Suicide rates are disproportionately higher. There were 21.1 suicides per 100,000 Indians, 8.6 per 100,000 Chinese and 2.6 per 100,000 Malays. This is a result of the degree of oppression faced by the marginalized Indian poor.

Now let me talk a little bit about the historical antecedents that has resulted in this situation of a community in distress.

As we all probably know, the forefathers of the Indians in Malaysia were brought here 5-6 generations ago, beginning about 150 years ago as indentured labour largely, to satisfy the appetite of British colonial profits. They manned their various plantations and developed and maintained the infrastructure by which the profits flowed out to Britain.

It will be safe to say, that our Indian laborer forefathers were instrumental in laying the foundations for the modern nation state of Malaysia. albeit as laborers.

As history books tell us colonialism ended in 1957 and a new nation state, Malaya, with a clear Federal Constitution came into existence and we were all supposed to have been put back to a state of equality and goodness. But in fact colonialism never ended for the Indian poor and that promised equality never materialized.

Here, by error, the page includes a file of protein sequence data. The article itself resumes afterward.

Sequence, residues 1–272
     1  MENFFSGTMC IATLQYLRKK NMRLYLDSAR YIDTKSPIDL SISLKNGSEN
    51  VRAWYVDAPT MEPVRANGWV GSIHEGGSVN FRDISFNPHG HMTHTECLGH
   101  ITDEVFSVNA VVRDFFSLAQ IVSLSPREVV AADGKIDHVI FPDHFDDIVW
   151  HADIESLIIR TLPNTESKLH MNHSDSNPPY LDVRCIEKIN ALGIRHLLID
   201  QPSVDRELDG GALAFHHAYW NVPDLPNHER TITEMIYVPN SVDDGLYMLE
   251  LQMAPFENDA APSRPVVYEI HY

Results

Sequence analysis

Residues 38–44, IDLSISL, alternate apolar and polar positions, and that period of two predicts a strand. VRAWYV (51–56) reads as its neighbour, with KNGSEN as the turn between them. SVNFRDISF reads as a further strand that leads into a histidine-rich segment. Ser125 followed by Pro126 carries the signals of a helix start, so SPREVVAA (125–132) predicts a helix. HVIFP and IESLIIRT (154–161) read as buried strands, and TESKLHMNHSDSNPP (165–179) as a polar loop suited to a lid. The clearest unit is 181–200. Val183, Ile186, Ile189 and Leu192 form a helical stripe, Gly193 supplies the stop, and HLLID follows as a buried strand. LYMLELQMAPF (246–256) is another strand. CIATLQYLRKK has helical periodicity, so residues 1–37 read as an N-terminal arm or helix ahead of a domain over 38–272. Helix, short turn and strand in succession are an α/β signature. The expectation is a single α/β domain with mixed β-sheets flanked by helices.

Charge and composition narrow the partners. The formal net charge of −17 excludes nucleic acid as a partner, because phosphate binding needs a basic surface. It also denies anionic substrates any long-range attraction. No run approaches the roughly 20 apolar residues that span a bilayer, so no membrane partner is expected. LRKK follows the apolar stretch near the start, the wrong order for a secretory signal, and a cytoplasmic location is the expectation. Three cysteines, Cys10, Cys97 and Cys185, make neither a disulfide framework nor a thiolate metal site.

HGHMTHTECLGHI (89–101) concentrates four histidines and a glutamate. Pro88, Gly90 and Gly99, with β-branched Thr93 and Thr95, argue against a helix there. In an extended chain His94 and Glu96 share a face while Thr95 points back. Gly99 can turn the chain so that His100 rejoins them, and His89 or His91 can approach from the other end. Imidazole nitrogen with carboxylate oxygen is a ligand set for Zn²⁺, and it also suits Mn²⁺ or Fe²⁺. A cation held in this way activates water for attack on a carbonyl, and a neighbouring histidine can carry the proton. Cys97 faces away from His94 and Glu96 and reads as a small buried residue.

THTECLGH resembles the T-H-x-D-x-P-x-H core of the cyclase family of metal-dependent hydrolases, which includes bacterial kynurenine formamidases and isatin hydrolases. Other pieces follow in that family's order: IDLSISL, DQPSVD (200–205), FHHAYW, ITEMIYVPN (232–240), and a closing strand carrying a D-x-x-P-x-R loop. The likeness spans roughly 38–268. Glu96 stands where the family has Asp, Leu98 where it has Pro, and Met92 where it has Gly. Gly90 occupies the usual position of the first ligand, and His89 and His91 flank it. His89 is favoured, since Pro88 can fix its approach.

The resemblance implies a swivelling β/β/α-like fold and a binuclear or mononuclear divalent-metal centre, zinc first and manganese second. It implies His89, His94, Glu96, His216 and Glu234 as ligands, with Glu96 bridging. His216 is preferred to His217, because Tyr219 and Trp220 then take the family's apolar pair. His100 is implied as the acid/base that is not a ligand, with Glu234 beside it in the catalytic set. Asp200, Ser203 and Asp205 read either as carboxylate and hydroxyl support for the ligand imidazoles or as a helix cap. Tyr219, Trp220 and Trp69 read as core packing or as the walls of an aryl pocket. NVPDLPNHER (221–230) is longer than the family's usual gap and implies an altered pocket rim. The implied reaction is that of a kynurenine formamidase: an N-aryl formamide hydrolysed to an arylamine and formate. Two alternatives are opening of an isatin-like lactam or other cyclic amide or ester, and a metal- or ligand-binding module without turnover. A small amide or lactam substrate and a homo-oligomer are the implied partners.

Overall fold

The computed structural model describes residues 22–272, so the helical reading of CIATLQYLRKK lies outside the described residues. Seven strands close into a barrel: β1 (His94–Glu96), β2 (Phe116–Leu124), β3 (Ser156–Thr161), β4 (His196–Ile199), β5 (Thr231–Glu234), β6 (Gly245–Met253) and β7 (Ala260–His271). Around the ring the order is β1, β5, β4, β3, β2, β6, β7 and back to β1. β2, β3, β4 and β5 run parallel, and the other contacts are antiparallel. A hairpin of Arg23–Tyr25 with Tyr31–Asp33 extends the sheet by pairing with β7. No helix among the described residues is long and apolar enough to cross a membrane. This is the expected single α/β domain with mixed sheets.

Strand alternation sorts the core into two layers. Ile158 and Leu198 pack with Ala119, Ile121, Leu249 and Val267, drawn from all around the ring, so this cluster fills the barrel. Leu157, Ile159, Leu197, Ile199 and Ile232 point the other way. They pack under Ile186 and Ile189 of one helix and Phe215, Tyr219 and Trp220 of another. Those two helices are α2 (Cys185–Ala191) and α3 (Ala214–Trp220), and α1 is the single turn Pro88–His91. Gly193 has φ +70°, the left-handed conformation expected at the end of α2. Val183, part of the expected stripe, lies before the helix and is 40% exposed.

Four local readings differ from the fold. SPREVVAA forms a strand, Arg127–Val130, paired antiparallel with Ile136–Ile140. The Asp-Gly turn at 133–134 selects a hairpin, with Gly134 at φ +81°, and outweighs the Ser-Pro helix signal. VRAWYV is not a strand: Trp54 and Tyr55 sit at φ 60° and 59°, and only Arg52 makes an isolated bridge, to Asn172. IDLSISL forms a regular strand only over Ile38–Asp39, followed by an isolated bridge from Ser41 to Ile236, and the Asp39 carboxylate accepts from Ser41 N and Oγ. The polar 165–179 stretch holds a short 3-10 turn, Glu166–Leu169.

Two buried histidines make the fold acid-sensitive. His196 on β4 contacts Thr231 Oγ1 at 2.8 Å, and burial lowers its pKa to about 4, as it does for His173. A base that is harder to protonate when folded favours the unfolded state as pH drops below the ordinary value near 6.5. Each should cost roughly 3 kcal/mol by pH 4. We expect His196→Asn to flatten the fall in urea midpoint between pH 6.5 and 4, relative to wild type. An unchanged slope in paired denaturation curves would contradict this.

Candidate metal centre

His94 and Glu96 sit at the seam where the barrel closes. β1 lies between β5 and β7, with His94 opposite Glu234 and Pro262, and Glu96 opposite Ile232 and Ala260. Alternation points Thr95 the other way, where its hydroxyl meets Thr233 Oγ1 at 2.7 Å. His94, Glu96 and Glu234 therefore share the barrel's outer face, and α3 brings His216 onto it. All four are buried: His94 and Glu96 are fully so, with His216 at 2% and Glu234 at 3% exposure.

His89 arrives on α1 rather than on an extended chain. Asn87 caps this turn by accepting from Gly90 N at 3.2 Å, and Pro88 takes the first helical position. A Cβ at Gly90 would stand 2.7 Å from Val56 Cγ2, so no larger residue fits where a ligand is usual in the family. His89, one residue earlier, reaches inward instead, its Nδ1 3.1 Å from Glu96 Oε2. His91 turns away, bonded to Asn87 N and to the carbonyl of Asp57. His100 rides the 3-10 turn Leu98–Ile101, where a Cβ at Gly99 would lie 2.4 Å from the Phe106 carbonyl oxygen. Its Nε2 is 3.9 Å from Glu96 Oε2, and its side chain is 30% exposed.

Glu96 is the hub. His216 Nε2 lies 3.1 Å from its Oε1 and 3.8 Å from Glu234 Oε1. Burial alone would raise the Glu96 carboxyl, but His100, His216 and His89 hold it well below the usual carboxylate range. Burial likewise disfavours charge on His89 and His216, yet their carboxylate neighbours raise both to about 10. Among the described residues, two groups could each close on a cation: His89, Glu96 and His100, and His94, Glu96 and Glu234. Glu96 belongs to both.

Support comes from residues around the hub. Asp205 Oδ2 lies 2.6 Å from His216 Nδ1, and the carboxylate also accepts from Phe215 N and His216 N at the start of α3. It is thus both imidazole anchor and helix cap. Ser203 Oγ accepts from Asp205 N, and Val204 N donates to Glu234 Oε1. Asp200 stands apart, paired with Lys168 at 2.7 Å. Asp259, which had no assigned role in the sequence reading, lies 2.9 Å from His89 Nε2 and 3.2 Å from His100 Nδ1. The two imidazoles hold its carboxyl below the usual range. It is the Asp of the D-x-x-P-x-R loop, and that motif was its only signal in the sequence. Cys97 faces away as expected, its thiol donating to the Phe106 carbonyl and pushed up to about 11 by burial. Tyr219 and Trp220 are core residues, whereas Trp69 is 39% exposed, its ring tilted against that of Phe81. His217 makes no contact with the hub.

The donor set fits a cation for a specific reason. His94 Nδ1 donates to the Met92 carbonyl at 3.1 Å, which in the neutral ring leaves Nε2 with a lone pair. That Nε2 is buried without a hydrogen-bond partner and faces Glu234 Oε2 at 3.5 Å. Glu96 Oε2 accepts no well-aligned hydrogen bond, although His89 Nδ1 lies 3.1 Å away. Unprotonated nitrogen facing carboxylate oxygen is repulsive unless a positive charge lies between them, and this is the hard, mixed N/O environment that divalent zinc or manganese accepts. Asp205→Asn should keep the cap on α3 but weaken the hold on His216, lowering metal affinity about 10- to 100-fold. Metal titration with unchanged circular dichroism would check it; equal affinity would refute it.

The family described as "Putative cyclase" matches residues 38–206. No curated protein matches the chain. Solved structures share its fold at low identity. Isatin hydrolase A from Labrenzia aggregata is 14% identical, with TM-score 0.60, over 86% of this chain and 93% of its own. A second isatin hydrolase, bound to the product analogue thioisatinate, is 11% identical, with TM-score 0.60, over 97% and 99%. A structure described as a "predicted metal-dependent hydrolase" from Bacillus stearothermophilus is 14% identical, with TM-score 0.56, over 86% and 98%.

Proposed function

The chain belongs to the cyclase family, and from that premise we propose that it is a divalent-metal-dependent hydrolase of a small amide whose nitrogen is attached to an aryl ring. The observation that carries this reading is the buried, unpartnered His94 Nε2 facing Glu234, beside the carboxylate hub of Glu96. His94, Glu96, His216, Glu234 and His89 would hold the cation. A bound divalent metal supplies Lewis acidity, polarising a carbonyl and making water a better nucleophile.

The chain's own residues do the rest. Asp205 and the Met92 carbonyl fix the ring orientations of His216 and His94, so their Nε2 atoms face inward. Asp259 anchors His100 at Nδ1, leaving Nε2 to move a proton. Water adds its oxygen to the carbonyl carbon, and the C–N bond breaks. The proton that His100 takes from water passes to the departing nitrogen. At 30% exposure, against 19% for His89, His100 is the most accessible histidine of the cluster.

The form of the state changed but the substance of colonialism never changed. Only British colonialism was replaced by local Malaysian elite’s neo-colonialism. In fact it actually got worse for the Indians, slowly at the beginning and then accelerating under Mahathir’s regime.

In the beginning the estates were broken up, as much of the large British interests left the country. This facilitated the take over of the plantation business and lands by the local elite, given the state of capital accumulation among the local elite at that time. What it started was the beginning of a massive displacement of the Indian plantation workers to the urban centers as the large estates fragmented and many of the estates were converted to commercial, industrial or residential development.

This process continues till today , of plantation lands being converted for a variety of such purposes. What statistics we can get hold of tells us that just in the period between 1985 and 2005, at least 300,000 Indian plantation workers were displaced due to this phenomenon.